Youth Soccer Has Become All About Adults Competing Against Other Adults Through Their Children And Goalkeeping Is Suffering The Most.
Parents are having their 7-year-olds specialize in only soccer so they can make the travel team at 9 and be a star, only to burn out by age 13. Parents are asking coaches how to have their goalkeeper be more aggressive not afraid to come off his or her line and be able to communicate and talk more with his or her teammates so that he/she can have the opportunity to make the ODP (Olympic Development Program) team or get a better chance at a college scholarship. There is no way in hell a 7-year-old goalkeeper can do that simply because of the mental stage of development they are in. Coaches do not encourage kids to play the ball back to the goalkeeper because they are afraid to concede a goal and lose a game. In all fairness at 7 years old every player on the field should share the position of a goalkeeper. The 7-year-old soccer player is too young to be just a goalkeeper. He or she needs the time on the field to develop their soccer skills, footwork, awareness of the game and most of all touch the ball as many times as possible and just simply have fun. Coaches should not promise parents that if their child will train and play in their particular premier level team, that coach can increase the chance of the child getting a college scholarship And parents STOP drinking the juice, stop leaving through your children the sports dream you never attained, stop being so naïve and let the children be children. This environment is driving far too many kids to quit the most beautiful game in the world. It is causing them to hate soccer!
We all should know better!
Youth soccer has stopped focusing on children competing against other children. America is obsessed with winning at all costs. This is most evident in the pro sports levels. Pro teams do not just develop players or teams any more. Most pro teams do not have a solid farm system any longer; instead they just pay top dollars for the elite players and try to buy championships. Most players do not play for the love of the game or the love of a team any more. They play for the money. Even at the pro level we see players that become multi- millionaires by the age of 18 and then they just fizzle out because they were not slowly brought along or properly developed for the challenges of the pro game.
Well this mentality has now crippled youth sports as we try to win at all costs and the development years have been overtaken by the “ Make my kid an elite player” mentality.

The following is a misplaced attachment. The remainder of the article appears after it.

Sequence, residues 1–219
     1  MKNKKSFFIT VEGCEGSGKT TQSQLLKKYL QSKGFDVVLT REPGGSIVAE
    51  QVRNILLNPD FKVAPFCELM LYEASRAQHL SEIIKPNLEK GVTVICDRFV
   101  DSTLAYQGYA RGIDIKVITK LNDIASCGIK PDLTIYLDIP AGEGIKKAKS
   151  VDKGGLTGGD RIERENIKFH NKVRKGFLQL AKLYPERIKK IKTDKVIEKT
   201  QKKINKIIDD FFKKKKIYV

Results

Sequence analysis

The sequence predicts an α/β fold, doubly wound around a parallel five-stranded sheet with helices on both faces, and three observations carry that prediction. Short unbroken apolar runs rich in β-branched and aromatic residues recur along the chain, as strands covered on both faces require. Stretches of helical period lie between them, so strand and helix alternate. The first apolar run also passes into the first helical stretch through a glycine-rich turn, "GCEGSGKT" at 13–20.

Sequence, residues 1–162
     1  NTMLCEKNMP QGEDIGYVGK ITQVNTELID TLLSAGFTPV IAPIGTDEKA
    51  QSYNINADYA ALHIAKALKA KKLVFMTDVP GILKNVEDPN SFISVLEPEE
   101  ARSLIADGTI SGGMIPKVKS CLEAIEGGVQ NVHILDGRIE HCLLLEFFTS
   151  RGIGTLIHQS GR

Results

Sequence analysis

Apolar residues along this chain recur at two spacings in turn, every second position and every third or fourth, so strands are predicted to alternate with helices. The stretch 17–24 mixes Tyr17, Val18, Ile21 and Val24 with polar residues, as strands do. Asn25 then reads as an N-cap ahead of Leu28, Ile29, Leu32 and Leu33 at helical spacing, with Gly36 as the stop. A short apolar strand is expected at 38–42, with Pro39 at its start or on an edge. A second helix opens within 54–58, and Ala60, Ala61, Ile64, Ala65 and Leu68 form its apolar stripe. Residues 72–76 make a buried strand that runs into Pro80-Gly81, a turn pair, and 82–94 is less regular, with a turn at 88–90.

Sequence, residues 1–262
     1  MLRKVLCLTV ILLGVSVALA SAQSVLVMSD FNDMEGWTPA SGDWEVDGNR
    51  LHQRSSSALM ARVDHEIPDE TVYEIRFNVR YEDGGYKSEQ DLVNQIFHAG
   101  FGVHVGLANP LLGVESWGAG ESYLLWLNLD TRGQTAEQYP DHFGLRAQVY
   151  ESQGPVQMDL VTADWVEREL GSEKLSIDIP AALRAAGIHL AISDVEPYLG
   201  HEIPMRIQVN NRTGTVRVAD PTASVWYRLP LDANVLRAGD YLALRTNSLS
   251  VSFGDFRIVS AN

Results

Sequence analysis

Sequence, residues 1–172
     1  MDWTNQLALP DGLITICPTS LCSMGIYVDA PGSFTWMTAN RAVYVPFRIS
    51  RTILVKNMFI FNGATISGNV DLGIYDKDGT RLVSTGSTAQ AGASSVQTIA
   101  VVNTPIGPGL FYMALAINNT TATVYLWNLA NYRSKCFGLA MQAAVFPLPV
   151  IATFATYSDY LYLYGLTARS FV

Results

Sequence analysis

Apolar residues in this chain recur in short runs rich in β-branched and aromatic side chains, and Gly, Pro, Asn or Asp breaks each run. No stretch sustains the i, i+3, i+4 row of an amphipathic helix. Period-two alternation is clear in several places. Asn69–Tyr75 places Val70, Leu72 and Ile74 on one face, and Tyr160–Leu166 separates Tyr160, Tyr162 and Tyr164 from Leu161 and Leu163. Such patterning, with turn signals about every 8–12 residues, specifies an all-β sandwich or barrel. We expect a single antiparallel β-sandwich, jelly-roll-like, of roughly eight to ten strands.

Just because a goalkeeper is playing at a premier level team it does not mean that that goalkeeper will develop into a top level keeper. In fact probably the opposite as he/she will get less touches on the ball as he/she is probably playing behind a good defense and that defense has not been taught to play from the back or use the goalkeeper for back passes as much as the game dictates. Any coach who has taken a USSF E License knows that the 9- to 12-year-old age group is known as the “Golden Age of Skill Development.”
According to USSF best practices in Long Term Athletic Development, the years prior to the growth spurt for both male and female players are the time when their bodies are most sensitive to developing sport specific skill. It is a time when technical training is crucial, and games should be used as a training tool and a way to measure development.
At this age it is the time when players need ample game minutes to work on their new skills at a variety of positions. Players need to be encouraged to take risks. Goalkeepers and defenders should not be afraid of playing out of the back. Attacking players need to develop the confidence to beat opponents on the dribble, and possess the ball instead of launch it up the field. Any coach will tell you that these things usually go out the window if your sole focus is to win your games.
Winning serves the parents; it does not serve the best interests of the children!
Let’s be a nation that follows the proven formula of soccer development of European and South American federations that let the children have fun and let them develop through small sided games with not keeping scores.